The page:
William Wilkie Collins

Wilkie Collins by Rudolph Lehmann

Wilkie Collins' name may not be as familiar as his close friend's, Charles Dickens, but his output was certainly just as prolific. Collins and Dickens also collaborated on a number of works, and Dickens published Collins' novels in his periodical All the Year Round. Collins suffered from debilitating rheumatic gout, for which he took opium in the form of laudanum. He became addicted, and his later works, according to some critics, did not retain the high standards of his earlier ones. I have just recently become familiar with the works of Collins, so I am not qualified to make a personal judgment yet. However, I will say that The Moonstone and Hide and Seek were two of the best novels I have ever read. Both are exciting mysteries, filled with twists and turns, and lots of humor. Collins, like his more famous friend, had a knack for creating odd and quirky characters.

Collins was born in London in 1824, his first name, William, after his father, and his middle name, to which he became known, after his godfather, David Wilkie. His parents were strict churchgoers, which Collins didn't like. (His adult life was definitely not guided by churchgoing!).

Like most of these Victorian authors, their fathers chose a career for them that they held little interest. In Wilkie's case, it was first the clergy, then law. He did pass his bar exam, but his passion was for writing. His first novel, Iolani, or Tahiti as it was. A Romance, was written in 1844, but rejected. It was fairly recently published in 1999. After his father's death in 1847, he wrote book of his memoirs, published in 1848. His fist published novel was Antonina, in 1850. He met Dickens in 1851, and, as the saying goes, the rest is history. Dickens become his mentor, and supported his writing. And though he never practiced law, his legal knowledge came in handy for his novels.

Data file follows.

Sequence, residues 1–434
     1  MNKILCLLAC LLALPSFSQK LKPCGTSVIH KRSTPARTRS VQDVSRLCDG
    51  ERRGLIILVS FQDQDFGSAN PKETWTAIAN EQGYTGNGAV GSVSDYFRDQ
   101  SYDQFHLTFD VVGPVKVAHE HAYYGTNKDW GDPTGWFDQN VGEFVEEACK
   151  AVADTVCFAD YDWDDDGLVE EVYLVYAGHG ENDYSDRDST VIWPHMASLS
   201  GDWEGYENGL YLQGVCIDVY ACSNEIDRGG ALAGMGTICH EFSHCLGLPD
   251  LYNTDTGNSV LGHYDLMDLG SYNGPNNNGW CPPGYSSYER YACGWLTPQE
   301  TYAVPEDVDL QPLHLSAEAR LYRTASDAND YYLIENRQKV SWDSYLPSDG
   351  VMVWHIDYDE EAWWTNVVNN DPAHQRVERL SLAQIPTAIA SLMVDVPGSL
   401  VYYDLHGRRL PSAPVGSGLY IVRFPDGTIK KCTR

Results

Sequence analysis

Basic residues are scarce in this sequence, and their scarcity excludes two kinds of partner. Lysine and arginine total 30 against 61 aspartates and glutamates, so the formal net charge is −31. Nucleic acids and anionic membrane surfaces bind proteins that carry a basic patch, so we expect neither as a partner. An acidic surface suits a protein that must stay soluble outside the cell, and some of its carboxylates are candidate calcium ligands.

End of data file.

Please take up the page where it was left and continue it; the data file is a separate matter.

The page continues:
Collins' attitude toward marriage was, shall we say, unconventional in Victorian England. In fact, I think it would even appear a bit unconventional here in 2018. He began living with the widow Caroline Graves and her daughter Harriet, whom Collins raised as a father, in 1858. She left him for two years and married Joseph Clow. This was a terrible period in Wilkie's life anyways, because he had a severe attack of gout, mother was dying, and he was in the process of writing The Moonstone, serialized in Dickens' magazine. (You may read more about that on that novel's review page.) Caroline returned to Collins two years later, and they lived together the rest of their lives.

In 1868, while still living with Graves, Collins became involved with 19-year old Martha Rudd. She bore him three children, under his "alternate" name William Dawson, and he remained involved with both women for the last twenty years of his life, all of this, according to Wikipedia. Their article, however, does not state whether the two woment knew about each other . . . .

To each his own, I guess. Collins died of a stroke in 1889, London, at the age of 65. He is buried in Kensal Green Cemetery beside Caroline, who died in 1895.

Wilkie Collins Monument at Kensal Green Cemetery

Wilkie Collins by his brother Charles Allston Collins

Works by Wilkie Collins

The Woman in White

The Moonstone

Armadale

Novels

Armadale
The Haunted Hotel: A Mystery of Modern Venice
Hide and Seek
The Moonstone
A Rogue's Life
The Woman in White

Collaborations With Charles Dickens

The Haunted House

Story: The Ghost in the Cupboard Room

Short Stories in Multi-Author Collections

Classic Ghost Stories by Wilkie Collins. . . and Others

Mrs. Zant and the Ghost

Basil

The Dead Secret

Little Novels

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